They believed the use of symbolic characters could provide. Jenkins and Beckh. Marionettes’ movements are a bit more life like than hand puppets. or. the most frequently used in therapy are hand or finger puppets. however. the child’s relationship with his or her mother. Their mouths are manipulated like a hand puppet. Bender and Woltmann preferred the use of hand puppets in their studies as they believed they are more direct. Finally. marionettes. In “Play Therapy Techniques”. Muppets. they found puppets to be most effective on children from ages five to eleven. Muppets are described as a combination of hand puppets and marionettes. legs. In their studies. Ventriloquists’ dummies generally create the most realistic movements (Carter and Mason). Contrastingly. Hand puppets are placed over the puppeteer’s hand and the bottom jaw is manipulated. There are several guidelines and recommendations as far as how to select puppets for therapeutic purposes. and head. There are many different types of puppets. and siblings”. and encourage audience participation. it is also important not to have too many puppets. on the other hand. focused on individual therapy. and are controlled by several strings attached to the arms. Marionettes are more complicated. However. “a free expression of aggression without causing anxiety or fear”. so the child . or ventriloquist’s dummies. but their arms and body are controlled with strings and rods. more convincing. ventriloquists’ dummies are operated with strings and rods inside the body. Charles Schaefer and Donna Cangelosi suggest having fifteen to twenty puppets in the room so the child has plenty to choose from.Seidman 3 determined that puppets are ideal for “expression of aggression against the child. capable of more aggression. Jenkins and Beckh preferred the use of finger puppets because they require less skill than hand puppets. or by the child with guilt. father.

This would allow insight into the child’s projection of a relationship. They say that the puppets should be simple. prince. posttraumatic stress. Additionally. Finally. some. Schaefer and Cangelosi argue that it is all right to have universally symbolic characters such as a witch. and the goal is to have the child believe the puppet is really alive. One should not move the upper jaw of a puppet. They also state that the puppets must have a “range of affects” such as aggressive. the goal should be . puppets should fit adult and children’s hands. It is important for the therapist to be able to interact with the puppets as well to encourage play and expression of emotion. If the puppet is stuffed in a box at the end of the session. Puppets should be soft and cuddly as well as washable. as it might inhibit the child’s imagination. Carter and Mason recommend that the puppets not appear as universal characters such as Santa Claus. In conclusion. puppets have many applications and are extremely useful in therapy. or superhero. However. in order to engage the children and prevent the spread of germs. or all of the suspension of disbelief will be lost. Carter and Mason provide even more guidelines for the appearance and functionality of the puppets. so that the child can easily manipulate them. Additionally. as that does not mimic humanoid movement. and other emotional disturbances. friendly. Carter and Mason also provided some suggestions for manipulating the puppet to make it the most believable.Seidman 4 does not become overwhelmed. the therapist should store the puppets after the child has left. and neutral. While there are many different options for the actual style and character of the puppet. It has been demonstrated in several studies that puppets have helped children with aggression. The puppets should engage the audience and never stop moving.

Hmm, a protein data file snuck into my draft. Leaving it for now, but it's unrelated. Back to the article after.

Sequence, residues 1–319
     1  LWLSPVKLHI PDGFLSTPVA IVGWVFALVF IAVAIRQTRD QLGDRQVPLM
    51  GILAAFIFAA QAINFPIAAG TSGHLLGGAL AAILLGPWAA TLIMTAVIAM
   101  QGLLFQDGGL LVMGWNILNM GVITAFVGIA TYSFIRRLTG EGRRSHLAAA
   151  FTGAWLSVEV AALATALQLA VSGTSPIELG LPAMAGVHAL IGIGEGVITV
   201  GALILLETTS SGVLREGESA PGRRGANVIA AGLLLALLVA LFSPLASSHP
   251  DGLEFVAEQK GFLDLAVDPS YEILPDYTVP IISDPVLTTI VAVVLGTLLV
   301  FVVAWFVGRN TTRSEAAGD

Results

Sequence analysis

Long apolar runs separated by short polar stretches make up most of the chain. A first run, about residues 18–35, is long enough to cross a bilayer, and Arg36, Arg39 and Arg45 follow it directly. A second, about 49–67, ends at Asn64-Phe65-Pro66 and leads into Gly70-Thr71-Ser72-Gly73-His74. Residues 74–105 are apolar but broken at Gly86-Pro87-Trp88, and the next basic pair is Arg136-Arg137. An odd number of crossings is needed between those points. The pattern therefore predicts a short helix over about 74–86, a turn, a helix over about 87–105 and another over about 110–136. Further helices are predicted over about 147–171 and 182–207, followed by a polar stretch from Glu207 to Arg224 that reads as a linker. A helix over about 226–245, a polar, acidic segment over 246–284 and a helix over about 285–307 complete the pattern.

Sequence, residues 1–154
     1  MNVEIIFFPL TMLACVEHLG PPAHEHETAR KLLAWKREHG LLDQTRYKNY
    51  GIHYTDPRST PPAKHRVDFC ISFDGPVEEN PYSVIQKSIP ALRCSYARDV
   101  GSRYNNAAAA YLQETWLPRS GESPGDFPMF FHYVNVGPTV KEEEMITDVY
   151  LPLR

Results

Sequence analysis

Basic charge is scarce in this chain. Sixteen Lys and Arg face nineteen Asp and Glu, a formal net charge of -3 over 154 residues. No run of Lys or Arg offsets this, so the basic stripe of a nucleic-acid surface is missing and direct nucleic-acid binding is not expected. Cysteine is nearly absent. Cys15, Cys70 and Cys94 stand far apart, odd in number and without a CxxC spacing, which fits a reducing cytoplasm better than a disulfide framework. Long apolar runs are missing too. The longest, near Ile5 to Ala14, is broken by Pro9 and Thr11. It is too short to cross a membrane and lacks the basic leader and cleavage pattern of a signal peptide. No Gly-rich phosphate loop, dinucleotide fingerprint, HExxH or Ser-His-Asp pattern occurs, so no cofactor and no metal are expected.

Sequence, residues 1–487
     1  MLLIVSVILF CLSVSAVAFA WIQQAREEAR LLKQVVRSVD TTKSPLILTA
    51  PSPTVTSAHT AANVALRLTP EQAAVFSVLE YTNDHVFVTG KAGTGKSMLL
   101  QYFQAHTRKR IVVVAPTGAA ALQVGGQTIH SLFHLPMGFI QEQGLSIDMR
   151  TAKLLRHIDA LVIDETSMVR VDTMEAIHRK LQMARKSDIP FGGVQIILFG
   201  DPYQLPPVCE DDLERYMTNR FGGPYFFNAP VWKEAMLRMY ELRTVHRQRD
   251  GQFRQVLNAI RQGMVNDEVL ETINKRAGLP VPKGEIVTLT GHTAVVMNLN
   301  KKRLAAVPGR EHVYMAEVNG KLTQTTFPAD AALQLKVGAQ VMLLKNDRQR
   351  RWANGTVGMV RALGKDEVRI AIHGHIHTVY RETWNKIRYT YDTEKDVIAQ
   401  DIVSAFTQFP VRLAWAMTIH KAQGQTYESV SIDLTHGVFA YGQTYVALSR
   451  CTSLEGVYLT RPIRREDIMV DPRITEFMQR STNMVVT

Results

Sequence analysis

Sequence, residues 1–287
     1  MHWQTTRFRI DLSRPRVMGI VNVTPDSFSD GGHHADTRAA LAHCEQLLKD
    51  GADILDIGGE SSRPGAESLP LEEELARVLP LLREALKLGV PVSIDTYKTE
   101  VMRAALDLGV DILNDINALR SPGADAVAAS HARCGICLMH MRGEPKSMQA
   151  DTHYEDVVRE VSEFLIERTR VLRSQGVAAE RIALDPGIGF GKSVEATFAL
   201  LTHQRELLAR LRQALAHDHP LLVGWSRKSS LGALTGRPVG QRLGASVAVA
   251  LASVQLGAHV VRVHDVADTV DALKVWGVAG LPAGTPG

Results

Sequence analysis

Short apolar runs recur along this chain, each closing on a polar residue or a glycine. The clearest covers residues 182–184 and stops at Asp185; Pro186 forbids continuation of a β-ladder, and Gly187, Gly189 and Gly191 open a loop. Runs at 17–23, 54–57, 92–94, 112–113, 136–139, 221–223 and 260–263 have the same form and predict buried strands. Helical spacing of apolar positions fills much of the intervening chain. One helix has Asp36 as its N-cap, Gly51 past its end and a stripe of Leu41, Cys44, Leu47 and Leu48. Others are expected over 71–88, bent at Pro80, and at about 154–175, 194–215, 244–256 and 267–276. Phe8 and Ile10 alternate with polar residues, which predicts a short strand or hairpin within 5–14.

creativity. .Seidman 5 to make it appear as life-like as possible in order to help the child feel more comfortable in therapy. and imagination. a therapist can use puppets to help young children overcome a variety of social and emotional disturbances. With hard work.

Mason. Carter. N. and Perry S. Charles E. 2002. eds.Seidman 6 Works Cited Bernier. and Donna M.d. Cangelosi. Richard B. Hahnemann U.." Professional School Counseling 1. 1983. .p. N.: Jason Aronson.5 (1998): 50-53. Matthew G. Web..: n. Diss. 2nd ed. Schaefer..p. Print. Print. "The Selection and Use of Puppets in Counseling. Puppetry as an Art Therapy Technique With Emotionally Disturbed Children. n.p.